Since first reported in Florida from Miami-Dade County in 2009, Rugose Spiraling Whitefly (RSWF) has caused significant damage in the Florida landscape. When it first appeared, this invasive species was a widespread problem for homeowners, landscapers and government officials. These groups joined forces and with a collaborative rigorous effort the Rugose Spiraling Whitefly pretty much disappeared.
Up until now, there have been few areas of live activity. Because of this landowners felt like preventative measures were no longer necessary. This has allowed the RSWF to make a comeback, as live infestations have been recently discovered in several areas both Palm Beach and Broward Counties.
RSWF is a little white fly that prefers to attack Coconut Palm, Calophyllum and Gumbo Limbo Trees. It has also been found on Adonidia Palms, Black Olive Trees, Avocado Trees, Live Oak, Bird of Paradise and many others.
The RSWF makes its home on the leaf of the host plant. The female lays her eggs on the underside of the leaves in a spiral pattern and covers it with white waxy matter. Feeding by the whitefly causes stress to the plant by removing nutrients and water.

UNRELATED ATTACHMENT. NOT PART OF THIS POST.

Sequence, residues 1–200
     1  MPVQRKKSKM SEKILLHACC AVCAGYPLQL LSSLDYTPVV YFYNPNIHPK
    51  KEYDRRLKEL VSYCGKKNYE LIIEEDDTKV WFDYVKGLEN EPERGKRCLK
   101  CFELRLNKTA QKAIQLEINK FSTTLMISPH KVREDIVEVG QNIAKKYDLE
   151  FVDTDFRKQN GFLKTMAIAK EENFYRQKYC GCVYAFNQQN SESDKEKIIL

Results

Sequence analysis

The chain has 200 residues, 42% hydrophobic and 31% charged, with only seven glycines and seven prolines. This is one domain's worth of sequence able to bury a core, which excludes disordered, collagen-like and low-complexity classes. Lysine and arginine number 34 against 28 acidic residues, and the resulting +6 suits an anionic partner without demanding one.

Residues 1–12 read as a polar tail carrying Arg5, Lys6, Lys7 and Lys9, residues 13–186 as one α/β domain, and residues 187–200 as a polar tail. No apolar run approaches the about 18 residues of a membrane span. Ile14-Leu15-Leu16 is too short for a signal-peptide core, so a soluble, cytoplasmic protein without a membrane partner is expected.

Infestation usually does not kill the host plant, but it may interfere with the normal growth. In addition, the whitefly’s honeydew excretion promotes the growth of black sooty molds which may disrupt the photosynthesis process in the plant leading to physiological disorders. Sooty mold also attracts ants and wasps that protect the whiteflies from their natural enemies. In addition, honeydew, black sticky wax, and bodies of dead whiteflies fall onto non-plant surfaces such as automobiles, patios and furniture, making a mess. The black sticky substance may also contaminate swimming pools impacting water chemistry and clogging filters. Dried sooty mold does not wash off easily and may require pressure washing.
Call Hometown Pest Control. We offer free inspections and quotes for all of your lawn and ornamental needs. As recommended by the University of Florida, we use systemic insecticides that are taken up by the root system. In most cases we recommend treatment every six months. We do not recommend just spraying the plant with an insecticide to try to solve the problem because this will knockdown the whiteflies but will typically only provide a few weeks of control. The University of Florida has a website at http://www.flwhitefly.org.
*Eggs of rugose spiraling whitefly, Aleurodicus rugioperculatus Martin,on palm frond (left and bottom) and white bird of paradise leaf (right). Upper two photographs by Vivek Kumar, University of Florida. Lower photograph by Ian Stocks, Florida Department of Agriculture and Consumer Services, Division of Plant Industry.